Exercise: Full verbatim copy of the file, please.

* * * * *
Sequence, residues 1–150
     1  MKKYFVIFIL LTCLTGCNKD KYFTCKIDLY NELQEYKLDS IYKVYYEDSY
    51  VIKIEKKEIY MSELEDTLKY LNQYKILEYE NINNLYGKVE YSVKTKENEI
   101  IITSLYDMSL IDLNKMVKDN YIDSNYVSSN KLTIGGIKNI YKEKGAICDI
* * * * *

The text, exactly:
Sequence, residues 1–150
     1  MKKYFVIFIL LTCLTGCNKD KYFTCKIDLY NELQEYKLDS IYKVYYEDSY
    51  VIKIEKKEIY MSELEDTLKY LNQYKILEYE NINNLYGKVE YSVKTKENEI
   101  IITSLYDMSL IDLNKMVKDN YIDSNYVSSN KLTIGGIKNI YKEKGAICDI